Our pilot, clearly having mastered the intricacies of aerodynamics, had us on the ground at Newark Liberty Airport forty-five minutes ahead of our scheduling landing time. Forty-five minutes! It was as if he reduced Pennsylvania to the size of Delaware and then leaped over it regardless. Because the good people who operate Continental Airlines are idiots, although we landed almost an hour ahead of schedule, we did not get off of the plane until our scheduled arrival time. Why? No one on the ground in Newark for Continental bothered to ensure that they directed our pilot to a gate that was not already occupied when we landed. With no place to park the jet and no way to get our baggage off of it and into our hot little hands (I was still in the dark at this moment as to my bag's whereabouts), our pilot sat stopped out on the "taxiway" until they cleared a space for him. An hour spent on the road to nowhere.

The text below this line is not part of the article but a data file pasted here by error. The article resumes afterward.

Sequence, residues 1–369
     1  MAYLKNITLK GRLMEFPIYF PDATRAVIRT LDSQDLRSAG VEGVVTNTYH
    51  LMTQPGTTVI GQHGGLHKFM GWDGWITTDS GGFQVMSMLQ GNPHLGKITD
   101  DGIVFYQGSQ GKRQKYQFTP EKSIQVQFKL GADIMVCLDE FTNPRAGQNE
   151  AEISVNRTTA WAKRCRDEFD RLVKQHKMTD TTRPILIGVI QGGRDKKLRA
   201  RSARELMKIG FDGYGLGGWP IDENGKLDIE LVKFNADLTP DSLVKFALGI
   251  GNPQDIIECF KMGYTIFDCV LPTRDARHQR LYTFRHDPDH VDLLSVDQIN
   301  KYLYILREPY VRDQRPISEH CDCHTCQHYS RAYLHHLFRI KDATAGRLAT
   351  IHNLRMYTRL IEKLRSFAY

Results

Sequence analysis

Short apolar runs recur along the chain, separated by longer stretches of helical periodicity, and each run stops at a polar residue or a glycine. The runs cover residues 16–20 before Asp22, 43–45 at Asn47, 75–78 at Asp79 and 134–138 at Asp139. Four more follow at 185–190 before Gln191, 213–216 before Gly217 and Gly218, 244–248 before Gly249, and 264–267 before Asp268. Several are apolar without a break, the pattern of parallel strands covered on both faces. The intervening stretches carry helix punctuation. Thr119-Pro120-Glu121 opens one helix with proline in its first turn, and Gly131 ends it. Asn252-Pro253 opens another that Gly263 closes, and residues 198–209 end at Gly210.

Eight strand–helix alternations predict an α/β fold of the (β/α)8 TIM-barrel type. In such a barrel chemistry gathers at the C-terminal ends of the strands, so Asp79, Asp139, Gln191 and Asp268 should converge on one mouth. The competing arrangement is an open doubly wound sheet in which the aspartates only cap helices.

The cherry atop my Continental Sundae O'Fun was discovering that while I got onto the plane in Denver - in the company of several hundred of my newest, bestest friends ever - my bag did not. Pray that you live a long life without ever having to deal with a Continental Airlines "Team Leader" at the Baggage Service Center in Newark Airport. Bearing in mind that it was their fault - not mine - that brought the two of us together, the woman responded to my query (one that another member of the BRT (Baggage Retrieval Team) - I just made that up but they will thank me someday for the cool acronym - directed me to make, as if I had struck her in the side of the face with a sock filled with pennies. Good tip to live by: if you are going to act as if you are doing someone a favor, then it helps if you are indeed doing something that might be considered to be a favor. Doing your job because one or more of the other idiots with whom you share an employer proved incapable of doing his/her job is not "a favor".